Over the years I’ve heard lots of yoga teachers, myself included, say something like “Breathe through your skin.” Yogic poetic license, I assumed – an image of receptivity and a reminder that the whole body participates in breathing. Salamanders, sure — they breathe through their skin. Humans, not so much. So I thought.

Recently, though, I’ve been teaching anatomy and physiology at a school for estheticians, so I’ve had to brush up on my skin physiology. Turns out the skin actually does breathe. In a way. Skin cells absorb oxygen from, and release carbon dioxide into, the surrounding air. This has been known for a long time — since 1851, in fact – although it was news to me.

The amount of oxygen that diffuses through your skin is negligible, a tiny percentage of what you absorb through your lungs. However, it’s enough to supply a significant amount of the oxygen needs of your skin’s surface layer, the epidermis. The epidermis is like a thin coat of paint on the much thicker, deeper layer of the skin called the dermis. The dermis has a blood supply, but the epidermis doesn’t. Whatever oxygen and nutrients the epidermis receives from the blood are a result of spillover from the dermis, making the oxygen it absorbs from the atmosphere a vital supplement.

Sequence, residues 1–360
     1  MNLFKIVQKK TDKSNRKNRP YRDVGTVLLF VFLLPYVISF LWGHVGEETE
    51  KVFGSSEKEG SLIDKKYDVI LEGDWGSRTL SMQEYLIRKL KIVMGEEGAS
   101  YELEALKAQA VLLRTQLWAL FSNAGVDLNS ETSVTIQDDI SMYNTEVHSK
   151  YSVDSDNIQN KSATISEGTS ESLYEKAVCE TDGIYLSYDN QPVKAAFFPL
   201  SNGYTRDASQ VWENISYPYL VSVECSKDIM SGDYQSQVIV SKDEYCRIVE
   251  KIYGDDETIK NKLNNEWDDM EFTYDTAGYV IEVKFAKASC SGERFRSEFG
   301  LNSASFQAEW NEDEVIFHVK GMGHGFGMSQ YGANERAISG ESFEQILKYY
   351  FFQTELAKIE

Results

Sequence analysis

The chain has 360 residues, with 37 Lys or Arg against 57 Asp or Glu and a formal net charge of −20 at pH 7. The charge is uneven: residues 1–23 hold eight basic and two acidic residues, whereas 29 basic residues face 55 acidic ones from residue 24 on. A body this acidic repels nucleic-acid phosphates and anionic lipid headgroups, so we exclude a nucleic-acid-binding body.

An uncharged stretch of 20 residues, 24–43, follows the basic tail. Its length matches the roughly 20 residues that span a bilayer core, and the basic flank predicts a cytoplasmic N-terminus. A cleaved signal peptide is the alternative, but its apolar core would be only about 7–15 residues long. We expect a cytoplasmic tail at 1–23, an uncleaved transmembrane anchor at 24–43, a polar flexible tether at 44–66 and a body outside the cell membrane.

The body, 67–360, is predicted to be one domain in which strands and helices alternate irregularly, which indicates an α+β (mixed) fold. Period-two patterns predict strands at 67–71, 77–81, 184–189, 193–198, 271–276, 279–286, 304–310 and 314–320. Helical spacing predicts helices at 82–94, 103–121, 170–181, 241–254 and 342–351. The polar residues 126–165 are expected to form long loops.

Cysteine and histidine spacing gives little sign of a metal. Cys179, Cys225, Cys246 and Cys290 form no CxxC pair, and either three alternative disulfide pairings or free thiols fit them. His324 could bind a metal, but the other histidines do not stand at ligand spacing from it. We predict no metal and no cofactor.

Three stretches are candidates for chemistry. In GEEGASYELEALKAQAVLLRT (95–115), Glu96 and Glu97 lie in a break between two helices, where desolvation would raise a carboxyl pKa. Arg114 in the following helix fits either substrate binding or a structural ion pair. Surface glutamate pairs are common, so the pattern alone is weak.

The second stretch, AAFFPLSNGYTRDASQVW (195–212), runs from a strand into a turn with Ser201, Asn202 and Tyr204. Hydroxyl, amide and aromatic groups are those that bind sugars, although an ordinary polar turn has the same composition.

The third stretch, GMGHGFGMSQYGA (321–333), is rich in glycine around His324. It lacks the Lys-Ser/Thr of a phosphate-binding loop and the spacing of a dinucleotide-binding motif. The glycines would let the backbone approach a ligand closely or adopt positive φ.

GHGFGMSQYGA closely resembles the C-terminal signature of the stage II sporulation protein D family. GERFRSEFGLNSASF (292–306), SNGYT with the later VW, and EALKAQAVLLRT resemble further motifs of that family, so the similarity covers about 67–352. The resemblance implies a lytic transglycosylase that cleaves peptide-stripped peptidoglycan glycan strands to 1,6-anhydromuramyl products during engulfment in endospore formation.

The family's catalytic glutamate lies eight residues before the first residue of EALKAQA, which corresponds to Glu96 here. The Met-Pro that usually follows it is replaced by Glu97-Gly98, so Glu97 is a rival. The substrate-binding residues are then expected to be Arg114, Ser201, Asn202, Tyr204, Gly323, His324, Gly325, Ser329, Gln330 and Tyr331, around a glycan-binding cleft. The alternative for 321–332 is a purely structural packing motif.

Skin anatomy

You can influence blood supply to your skin indirectly. For instance, when you practice asana and your muscles heat up, more blood flows to the skin to dissipate the heat. However, I doubt there’s much you can do to increase the oxygen you skin absorbs from the atmosphere, since that relies on passive diffusion.

Regardless, it’s still a nice image. Try it the next time you’re sitting. Imagine your skin softening and becoming porous. As you breathe in, visualize the entire surface of your skin – even the palms of your hands and the soles of your feet – opening to receive the breath. As you breathe out, imagine your skin softening still further, draping itself like a thin silk scarf over your muscles and bones. Try not to strain. The image is a reminder that your entire body participates in breathing, but you don’t have to inflate yourself like a balloon. Your skin shouldn’t become taut as you breathe in. Just let it be receptive.

References

Stucker M, et al. The cutaneousuptake of atmospheric oxygen contributes significantly to the oxygen supply ofhuman dermis and epidermis.  J Physiol. 2002 Feb 1;538(Pt 3):985-94 

Copyright Joseph Miller

Image: By US-Gov [Public domain], via Wikimedia Commons

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